Sunday, September 1, 2019

The Role of International Strategy and Organizational Design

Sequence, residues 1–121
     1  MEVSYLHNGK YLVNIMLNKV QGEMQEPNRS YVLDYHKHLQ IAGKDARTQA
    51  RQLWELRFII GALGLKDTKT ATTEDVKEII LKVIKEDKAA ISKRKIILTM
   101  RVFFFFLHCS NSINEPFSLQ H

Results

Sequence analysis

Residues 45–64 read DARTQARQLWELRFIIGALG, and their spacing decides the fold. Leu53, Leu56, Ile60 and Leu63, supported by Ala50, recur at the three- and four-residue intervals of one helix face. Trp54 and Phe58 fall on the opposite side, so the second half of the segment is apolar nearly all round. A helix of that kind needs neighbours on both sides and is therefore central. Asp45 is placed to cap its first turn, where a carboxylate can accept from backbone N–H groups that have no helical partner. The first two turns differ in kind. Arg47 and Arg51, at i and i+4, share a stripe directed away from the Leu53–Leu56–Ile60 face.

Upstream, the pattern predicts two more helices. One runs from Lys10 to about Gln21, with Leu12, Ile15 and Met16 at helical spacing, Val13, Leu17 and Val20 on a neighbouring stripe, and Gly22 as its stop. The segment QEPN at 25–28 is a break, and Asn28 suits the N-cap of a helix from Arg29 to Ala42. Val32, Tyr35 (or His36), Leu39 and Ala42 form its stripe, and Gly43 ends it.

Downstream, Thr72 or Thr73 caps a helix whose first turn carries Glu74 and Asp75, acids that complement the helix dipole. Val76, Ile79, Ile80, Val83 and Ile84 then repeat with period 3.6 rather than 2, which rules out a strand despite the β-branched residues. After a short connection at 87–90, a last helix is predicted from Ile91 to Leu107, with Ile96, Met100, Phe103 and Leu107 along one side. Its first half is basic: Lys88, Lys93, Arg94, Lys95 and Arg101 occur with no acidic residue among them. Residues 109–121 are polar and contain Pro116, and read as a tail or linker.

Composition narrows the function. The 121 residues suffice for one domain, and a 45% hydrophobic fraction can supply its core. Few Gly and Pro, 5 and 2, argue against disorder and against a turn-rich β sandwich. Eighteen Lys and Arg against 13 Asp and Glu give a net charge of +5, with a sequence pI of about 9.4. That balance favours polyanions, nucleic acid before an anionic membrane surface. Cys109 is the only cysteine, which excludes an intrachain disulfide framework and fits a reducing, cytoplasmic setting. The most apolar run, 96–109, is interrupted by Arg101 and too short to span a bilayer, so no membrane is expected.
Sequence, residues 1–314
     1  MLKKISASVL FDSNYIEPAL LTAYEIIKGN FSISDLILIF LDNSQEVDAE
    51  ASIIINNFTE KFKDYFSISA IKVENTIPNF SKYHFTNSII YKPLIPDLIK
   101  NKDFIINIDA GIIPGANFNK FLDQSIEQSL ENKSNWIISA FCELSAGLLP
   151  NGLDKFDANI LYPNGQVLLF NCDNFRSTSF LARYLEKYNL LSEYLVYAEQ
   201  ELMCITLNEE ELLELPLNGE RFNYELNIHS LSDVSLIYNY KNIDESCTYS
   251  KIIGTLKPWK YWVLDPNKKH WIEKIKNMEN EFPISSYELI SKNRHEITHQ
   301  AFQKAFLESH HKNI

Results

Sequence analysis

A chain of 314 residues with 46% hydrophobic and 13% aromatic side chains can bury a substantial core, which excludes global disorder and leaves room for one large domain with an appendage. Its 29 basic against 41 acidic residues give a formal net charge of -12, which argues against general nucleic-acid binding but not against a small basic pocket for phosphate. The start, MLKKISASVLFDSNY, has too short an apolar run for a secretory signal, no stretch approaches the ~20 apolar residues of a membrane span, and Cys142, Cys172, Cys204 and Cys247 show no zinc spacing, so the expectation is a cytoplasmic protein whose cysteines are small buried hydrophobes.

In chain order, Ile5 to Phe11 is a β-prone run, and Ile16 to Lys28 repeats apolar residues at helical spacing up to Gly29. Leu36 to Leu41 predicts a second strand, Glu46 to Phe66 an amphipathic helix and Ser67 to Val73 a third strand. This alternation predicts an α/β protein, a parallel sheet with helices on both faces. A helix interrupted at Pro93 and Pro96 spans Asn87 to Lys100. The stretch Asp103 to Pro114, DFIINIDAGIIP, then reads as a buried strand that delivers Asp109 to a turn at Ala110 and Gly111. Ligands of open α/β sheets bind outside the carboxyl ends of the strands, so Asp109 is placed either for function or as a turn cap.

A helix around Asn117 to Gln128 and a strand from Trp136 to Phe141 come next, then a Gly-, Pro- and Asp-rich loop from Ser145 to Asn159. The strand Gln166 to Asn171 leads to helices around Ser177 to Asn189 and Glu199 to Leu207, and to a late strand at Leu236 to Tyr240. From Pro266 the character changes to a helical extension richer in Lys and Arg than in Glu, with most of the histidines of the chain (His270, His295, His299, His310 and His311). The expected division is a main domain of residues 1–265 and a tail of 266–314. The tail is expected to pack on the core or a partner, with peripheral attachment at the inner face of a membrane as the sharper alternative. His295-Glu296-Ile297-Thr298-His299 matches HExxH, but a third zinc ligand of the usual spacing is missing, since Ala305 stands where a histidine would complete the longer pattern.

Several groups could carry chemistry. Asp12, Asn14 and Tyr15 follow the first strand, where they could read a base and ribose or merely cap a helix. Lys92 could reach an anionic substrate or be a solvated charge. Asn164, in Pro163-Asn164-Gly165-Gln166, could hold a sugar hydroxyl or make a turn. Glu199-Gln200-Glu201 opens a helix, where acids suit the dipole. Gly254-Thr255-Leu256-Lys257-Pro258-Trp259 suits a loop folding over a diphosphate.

The current trend of world economics business model lays on the world system division of labor between the core, the marginal, and the semi-marginal countries/states. The trading is not â€Å"isolated† or â€Å"internal† but rather it participates externally or in the global market and as such, this type of market is heavily affected by the dictates of the globalization trends. The system of economics and their flow and relations between these countries are â€Å"non-static† and â€Å"non-constant† over long and short periods of time due largely to political, environmental and cultural changes vis à ¡ vis the evolving idea of ‘consumerism’ in the global community. The traditional concept of consumerism and commoditization of goods is largely challenged, hence, the business sectors/producers should construct an effective strategy and an efficient organizational design to cope up with the world economic trend and at the same, fulfill the organization/companies objectives and visionary goals. The success, therefore, of an international company, lies on competitive action central to the combination of an effective strategic and traditional management.   We do not displace the idea of traditional management (e.g. budgeting and marketing) because its’ function is recognized as the core of business planning but rather, we aim to rectify/improve the company’s/organization’s business performance by target shooting the errors and analyzing it within the context of the global market system (or the business environment) and the capabilities (e.g. assets, facilities, resources) of the company system. Critical to strategic management is the anticipation of changes in the economic system, in the demands of the consumers, new business technologies, competition, and (global) economic policy developments. Co-integration of the two—traditional and strategic—would give a sense of direction to the company in the globally competitive market. What would be an apt strategic management in the non-static global economic system? The strategic management for this is a six level schema: (1) analysis of external factors (2) scrutinizing internal factors (3) stratagem (4) execution and (5) performance assessment/evaluation. Arguably, the logic in analyzing the external factors lies in the structural level of social formation, but, we dispense this, in favor of the transnational concept—an approach that capitalizes on the importance of transnational practices in three major sectors, political, economic, cultural with focus on transnational corporation influence and consumerism— that of which had been the latest trend in global capitalism. Also, the importance of technological improvements and their incorporation into the market is intangible in the analysis of external factors. The presence of competitors and economic policies should not be undermined; the parameters set by international laws may be restrictive but nevertheless, they are designed to facilitate a â€Å"fair† trading system; competitors for a particular commodity should also be accounted since globalization is heavily mandated by the transnational corps. It is on the basis of such external factors the company will seek to adjust to and construct the stratagem. The capacity of the organization, its’ parameters, its’ resources, its’ liabilities and its’ needs must be carefully examined. Financial status, the employed technology for the commodity, the operative management and the available facilities must be ‘apt’ and can be competitive with the international companies. Leadership within the system and good working force are important elements. The organization should seek to answer the following in response to its internal structure: is the product globally competitive? After assessing the internal and external factors, devising the stratagem is the next point of economic action. Goal identification and the feasibility of the plan being constructed is high on the agenda. Crucial to this is the statistics of materialization, the impact on the company/organization, and products development over a timeframe. Critical points should be well identified as well as mitigating errors, alternative plans, and analyzing and defining jobs and responsibilities per level of organization. The stratagem developed should have the following characteristics: (1) goal-oriented; (2) creative, by-product of external and internal analysis; and (3) strength-decisive/non-vulnerable in the market; (4) feasible. The execution of strategy requires organizational design, resource allocation, and strong motivation. Organizational design involves efficient distribution of work force, recognizing their potential, and creating effective relations between the working people. Performance assessment is the last step and is achieved by assessing the plan on its’ efficiency on its’ how’s and ends. Flow monitoring of the work and assessing statistical significance of produce as well as company growth are important evaluation points. The importance of such strategy is the actual/real test of the stratagem on the economic market. The strategic management places special attention to the environmental monitoring. Such activity is inherently important during forecasting or anticipation of future economic events and other related global aspects which may otherwise affect the position of organization and its products in the global economic scheme. Present and past trends and their change over time is prevalent in predicting scenarios that may be of value to the company. In strategic planning, ‘predictions’ are important in that the decisions are made to be flexible. In recognizing the role of international strategy and organizational design in the global market, the organization/company takes an initial step in ‘equipping’ itself against the highly volatile network of economic world systems and becomes, at the most, competitive. References Sklair, L. (1999). Competing Conceptions of Globalization. Journal of World-Systems Research, 5, 143-162. Aguilar, F. (1967). Scanning the business environment. NY: Macmillan, Inc.